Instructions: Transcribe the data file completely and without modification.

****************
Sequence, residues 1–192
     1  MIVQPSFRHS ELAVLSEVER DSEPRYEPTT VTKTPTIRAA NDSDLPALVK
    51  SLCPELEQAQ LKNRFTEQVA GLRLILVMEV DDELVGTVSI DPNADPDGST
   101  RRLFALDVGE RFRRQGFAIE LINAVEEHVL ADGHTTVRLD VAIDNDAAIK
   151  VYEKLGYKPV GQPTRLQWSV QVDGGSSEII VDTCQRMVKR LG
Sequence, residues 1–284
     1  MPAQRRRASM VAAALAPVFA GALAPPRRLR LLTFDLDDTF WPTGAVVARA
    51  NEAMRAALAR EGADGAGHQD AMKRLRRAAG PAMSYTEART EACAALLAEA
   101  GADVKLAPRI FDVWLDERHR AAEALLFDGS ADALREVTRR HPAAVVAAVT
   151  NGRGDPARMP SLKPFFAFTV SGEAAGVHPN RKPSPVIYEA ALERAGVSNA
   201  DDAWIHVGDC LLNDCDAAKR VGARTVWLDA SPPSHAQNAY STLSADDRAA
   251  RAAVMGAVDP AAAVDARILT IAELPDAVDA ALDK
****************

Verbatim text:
Sequence, residues 1–192
     1  MIVQPSFRHS ELAVLSEVER DSEPRYEPTT VTKTPTIRAA NDSDLPALVK
    51  SLCPELEQAQ LKNRFTEQVA GLRLILVMEV DDELVGTVSI DPNADPDGST
   101  RRLFALDVGE RFRRQGFAIE LINAVEEHVL ADGHTTVRLD VAIDNDAAIK
   151  VYEKLGYKPV GQPTRLQWSV QVDGGSSEII VDTCQRMVKR LG
Sequence, residues 1–284
     1  MPAQRRRASM VAAALAPVFA GALAPPRRLR LLTFDLDDTF WPTGAVVARA
    51  NEAMRAALAR EGADGAGHQD AMKRLRRAAG PAMSYTEART EACAALLAEA
   101  GADVKLAPRI FDVWLDERHR AAEALLFDGS ADALREVTRR HPAAVVAAVT
   151  NGRGDPARMP SLKPFFAFTV SGEAAGVHPN RKPSPVIYEA ALERAGVSNA
   201  DDAWIHVGDC LLNDCDAAKR VGARTVWLDA SPPSHAQNAY STLSADDRAA
   251  RAAVMGAVDP AAAVDARILT IAELPDAVDA ALDK